This research was conducted by Dawn Kuhn at Williamette University, USA


This paper reports a study which tested whether or not musical activity supports the immune system. The research found that playing music or singing has a much greater effect on supporting the immune system than simply listening to live music, or doing nothing musical at all.

They contrasted active, passive and no participation in musical activities

They took 33 healthy undergraduate students at Williamette University in Oregon and split them into three groups of 11. One group participated in a 30 minute drumming session, played tone bar instruments and sang, the second listened to a live music performance for 30 minutes and the third did neither but spent 30 minutes together under experimental conditions (they were forbidden from doing anything musical for this time – even humming was not allowed!). The third group therefore acted as a control group in the study.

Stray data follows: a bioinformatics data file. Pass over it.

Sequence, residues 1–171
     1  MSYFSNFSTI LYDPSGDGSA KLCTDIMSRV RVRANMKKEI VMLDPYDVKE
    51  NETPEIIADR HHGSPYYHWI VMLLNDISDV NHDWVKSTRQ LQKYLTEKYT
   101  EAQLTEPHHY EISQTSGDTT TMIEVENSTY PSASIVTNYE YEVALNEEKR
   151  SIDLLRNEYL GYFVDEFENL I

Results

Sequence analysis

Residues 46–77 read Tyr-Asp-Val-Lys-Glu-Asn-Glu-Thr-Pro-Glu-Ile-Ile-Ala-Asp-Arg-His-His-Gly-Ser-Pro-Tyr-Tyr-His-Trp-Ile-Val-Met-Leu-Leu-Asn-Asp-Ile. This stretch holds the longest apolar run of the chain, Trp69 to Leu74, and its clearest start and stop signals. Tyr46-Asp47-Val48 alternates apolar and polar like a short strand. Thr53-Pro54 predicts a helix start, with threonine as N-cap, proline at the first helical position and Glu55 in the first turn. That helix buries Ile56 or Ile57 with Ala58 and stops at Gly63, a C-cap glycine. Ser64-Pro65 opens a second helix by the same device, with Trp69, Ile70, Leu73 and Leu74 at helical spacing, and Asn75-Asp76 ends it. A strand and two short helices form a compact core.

All 33 students were given mouth swabs before and after the experiment

The researchers looked for a specific chemical in the saliva of the research subjects (Salivary Immunoglobin A, which is shortened to SIgA in the medical literature). SIgA is critical for defending the body against the common cold, cough, tonsillitis etc. They also wanted to test whether it made any difference whether the activity was ‘passive’ or ‘active’. They found that the ‘active’ group had significantly increased levels of SIgA after the experiment than both the ‘passive’ and the control groups.

Perhaps the type of music played made a difference?

The activity was made relatively easy to be rhythmical and harmonious. The authors ponder whether perhaps the response wasn’t to do with the music but the sense of competence and achievement that produced the effect, or even the physical activity necessary for playing music. The researchers advise that this study be replicated with larger and more representative samples to answer these questions.

Title The effects of active and passive participation in musical activity on the immune system as measured by salivary immunoglobulin A (SigA)
Author(s) Kuhn, D.
Publication date 2002
Source Journal of Music Therapy, Vol 39, Iss 1, pp 30-39